The world of Gypsies remains closed to most of us. We may suffer from Travelers occupying a seafront, a playing field or a car park near us and when they leave behind a mountain of litter and waste we can curse about cultural diversity. This image, understandably negative, can be given a different focus when, as Adams does here, writers remind us of the tight-knit, self-sufficient communities of the old Romany families. The Gypsies in Kith and Kin have a strong sense of honour and a knowledge of the world which could never be imparted in a school classroom.

Jane-Adams-278x371The period is set to perfection, and Adams (right) skilfully combines past, present and future. The past? There can scarcely have been a man, woman or child who escaped the malign effects of what politicians swore would be the war to end wars. The present? 1928 saw devastating flooding on the banks of the River Thames, a book called Decline And Fall was published, and in Beckenham, not a million miles away from where this novel plays out, Robert ‘Bob’ Monkhouse was born. The future? Johnstone’s sister, who has married into money, has a head on her shoulders, and senses that in the financial world, a dam is about to break – with devastating effects.

Kith and Kin is excellent. Adams gives us a spider’s web of a plot; we are attracted, drawn in – and then consumed. Johnstone and Hitchens strike sparks off each other; the bond between them has been forged in the blood and fire of the Flanders trenches. We have memorable characters; Sarah Cooper, the matriarchal Gypsy is strong and wise, but remote; Josiah Bailey is as mad as a box of frogs and a hundred times more dangerous; Johnston’s sister is wordly wise, but compassionate and perceptive.

I apologise for preaching to the converted, but for me, Jane A Adams is a new star in my firmament. Kith and Kin is published by Severn House and is out now.

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BROKEN GROUND . . . Between the covers

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BGThe Body In The Bog is a nicely alliterative strapline normally used to liven up reports of archaeologists discovering some centuries-old corpse in a watery peat grave. The deaths of these poor souls does not usually involve an investigation by the local police force, but as Val McDermid relates, when the preserved remains are wearing expensive trainers, it doesn’t take the tenant of 221B Baker Street to deduce that the chap was not executed as part of some arcane tribal ritual back in the tenth century.

A pair of hopefuls from England have traveled to the bleak Scottish moors of Wester Ross, armed with what they hope is a treasure map. They hope to uncover not a sturdy wooden chest bursting with pirate doubloons or King John’s lost gold, but treasure of a different sort – two mint condition vintage motor cycles, worth a fortune at 2018 prices. They disinter the motorcycles with the help of a friendly local crofter and his mini JCB, but their elation is soured by – yes, you’ve guessed – the aforementioned fellow and his 1995 Nike Air Max sportswear.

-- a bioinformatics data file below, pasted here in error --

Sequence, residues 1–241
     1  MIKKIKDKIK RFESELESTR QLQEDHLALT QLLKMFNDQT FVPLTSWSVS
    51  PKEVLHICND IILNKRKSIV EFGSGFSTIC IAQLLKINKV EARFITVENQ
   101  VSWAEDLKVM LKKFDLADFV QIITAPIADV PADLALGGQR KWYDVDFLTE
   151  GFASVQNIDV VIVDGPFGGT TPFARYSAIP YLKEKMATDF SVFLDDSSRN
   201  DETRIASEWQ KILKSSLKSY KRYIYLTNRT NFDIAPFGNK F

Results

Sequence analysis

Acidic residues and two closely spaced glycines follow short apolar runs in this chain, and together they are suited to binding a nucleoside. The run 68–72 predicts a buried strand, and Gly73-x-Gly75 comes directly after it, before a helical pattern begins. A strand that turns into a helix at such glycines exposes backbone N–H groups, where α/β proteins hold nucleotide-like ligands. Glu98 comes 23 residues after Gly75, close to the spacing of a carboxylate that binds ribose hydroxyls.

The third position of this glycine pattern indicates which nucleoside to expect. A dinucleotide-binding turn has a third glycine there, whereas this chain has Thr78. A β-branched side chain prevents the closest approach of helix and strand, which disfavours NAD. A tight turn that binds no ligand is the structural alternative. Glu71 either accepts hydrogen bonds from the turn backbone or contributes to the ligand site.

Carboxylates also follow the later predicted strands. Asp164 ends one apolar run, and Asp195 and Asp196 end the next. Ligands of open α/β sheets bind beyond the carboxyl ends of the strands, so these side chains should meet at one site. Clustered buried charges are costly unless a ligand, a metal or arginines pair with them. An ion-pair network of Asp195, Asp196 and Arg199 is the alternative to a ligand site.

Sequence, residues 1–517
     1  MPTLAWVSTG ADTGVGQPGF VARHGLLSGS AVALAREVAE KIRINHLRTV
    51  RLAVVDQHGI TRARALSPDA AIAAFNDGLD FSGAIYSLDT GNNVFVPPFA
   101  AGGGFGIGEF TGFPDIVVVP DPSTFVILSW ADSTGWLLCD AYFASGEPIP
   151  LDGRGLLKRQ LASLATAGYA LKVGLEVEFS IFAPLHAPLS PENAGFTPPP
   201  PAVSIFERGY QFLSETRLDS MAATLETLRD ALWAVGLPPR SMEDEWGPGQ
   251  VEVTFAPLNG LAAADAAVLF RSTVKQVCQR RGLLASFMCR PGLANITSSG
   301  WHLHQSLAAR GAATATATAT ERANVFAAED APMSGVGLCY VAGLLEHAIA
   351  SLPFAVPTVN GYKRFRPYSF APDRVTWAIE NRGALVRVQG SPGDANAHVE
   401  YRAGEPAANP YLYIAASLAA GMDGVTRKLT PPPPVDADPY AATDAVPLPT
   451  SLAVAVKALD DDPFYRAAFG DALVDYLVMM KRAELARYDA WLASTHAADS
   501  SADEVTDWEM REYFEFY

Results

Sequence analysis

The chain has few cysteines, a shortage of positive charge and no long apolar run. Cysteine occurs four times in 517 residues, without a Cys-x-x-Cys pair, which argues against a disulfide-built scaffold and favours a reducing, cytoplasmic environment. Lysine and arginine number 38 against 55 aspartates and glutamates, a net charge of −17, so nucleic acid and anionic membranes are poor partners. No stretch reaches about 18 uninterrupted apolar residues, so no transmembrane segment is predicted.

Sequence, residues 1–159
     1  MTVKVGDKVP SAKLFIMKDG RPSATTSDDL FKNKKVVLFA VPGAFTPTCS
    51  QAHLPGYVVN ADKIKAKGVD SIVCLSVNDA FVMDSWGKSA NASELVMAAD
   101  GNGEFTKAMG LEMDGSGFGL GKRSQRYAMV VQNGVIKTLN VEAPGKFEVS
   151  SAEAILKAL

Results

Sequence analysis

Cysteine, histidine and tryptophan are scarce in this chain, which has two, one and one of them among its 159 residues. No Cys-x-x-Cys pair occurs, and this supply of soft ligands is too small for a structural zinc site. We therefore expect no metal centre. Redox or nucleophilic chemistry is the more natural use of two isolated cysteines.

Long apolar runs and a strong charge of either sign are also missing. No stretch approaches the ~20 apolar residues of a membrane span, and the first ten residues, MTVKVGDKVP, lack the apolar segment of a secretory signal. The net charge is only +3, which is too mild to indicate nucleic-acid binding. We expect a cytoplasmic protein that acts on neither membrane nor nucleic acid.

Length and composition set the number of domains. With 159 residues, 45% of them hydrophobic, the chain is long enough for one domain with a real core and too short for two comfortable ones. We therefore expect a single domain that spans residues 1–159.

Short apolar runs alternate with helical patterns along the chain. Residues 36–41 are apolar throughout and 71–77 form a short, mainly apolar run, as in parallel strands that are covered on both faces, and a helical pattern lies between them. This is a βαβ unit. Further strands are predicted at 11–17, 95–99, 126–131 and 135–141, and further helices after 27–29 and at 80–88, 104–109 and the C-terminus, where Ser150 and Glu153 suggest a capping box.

Motorcycles? Buried in a Scottish peat bog? Marked on a map? Has Val McDermid finally lost her marbles after years of inventing fiendish ways for people to die? Leaving no question unanswered, I have to say yes, yes, yes – and an emphatic NO! Breaking Ground is the fifth in McDermid’s DCI Karen Pirie series and is shot through with the author’s trademark brilliance. McDermid does complex, clever, conflicted women like no-one else, and Pirie – of Police Scotland’s Historic Crimes Unit – is a fine cop, scarred by personal tragedy, studiously unglamorous in looks and style, but with a fierce determination to seek justice for victims of crime, both living and dead. The police procedural aspect of the story is cleverly done, and provides the essential counterpont of rivalry, betrayal and bitterness which run beneath the main tune which is the public face of policing.

ValMcDermidIf music halls were still in vogue, McDermid would be the dextrous juggler, the jongleur who defies gravity by keeping several plot lines spinning in the air; spinning, but always under her control. There is the Nike bog body, a domestic spat which ends in savagery, a cold-case rape investigation which ends in a very contemporary tragedy, and an Assistant Chief Constable who is more concerned about her perfectly groomed press conferences that solving crime. They say that the moon has a dark side, and so does Edinburgh: McDermid (right)  takes us on a guided tour through its majestic architectural and natural scenery, but does not neglect to pull away the undertaker’s sheet to reveal the squalid back alleys and passageways which lurk behind the grand Georgian facades. We slip past the modest security and peep through a crack in the door at a meeting in one of the grander rooms of Bute House, the official residence of Scotland’s First Minister, even getting a glimpse of the good lady herself, although McDermid is far too discreet to reveal if she approves or disapproves of Ms Sturgeon.

Karen Pirie battles the metaphorical demons of her own personal history, while facing more literal malice in the person of a senior officer who is determined to bring her down. The death of her beloved partner Phil has bequeathed emotional turmoil, anger and longing. When she meets a potentially interesting man in the course of a murder investigation, she is conflicted. Is he lying to her? Is he just a glib charmer, ruggedly beautiful in his kilt, or is his interest in her – intentionally dowdy and brusquely professional as she is – genuine?

Val McDermid answers all these questions, and poses a few of her own, particularly about the state of modern Scotland and the role of cash-strapped police forces in a society which demands quick solutions, and to hell with integrity. Broken Ground is published by Little, Brown and is available in hardback and as a Kindle. Amazon says that it will be out in paperback early in 2019.

Click the link to read the review of McDermid’s previous novel, Insidious Intent.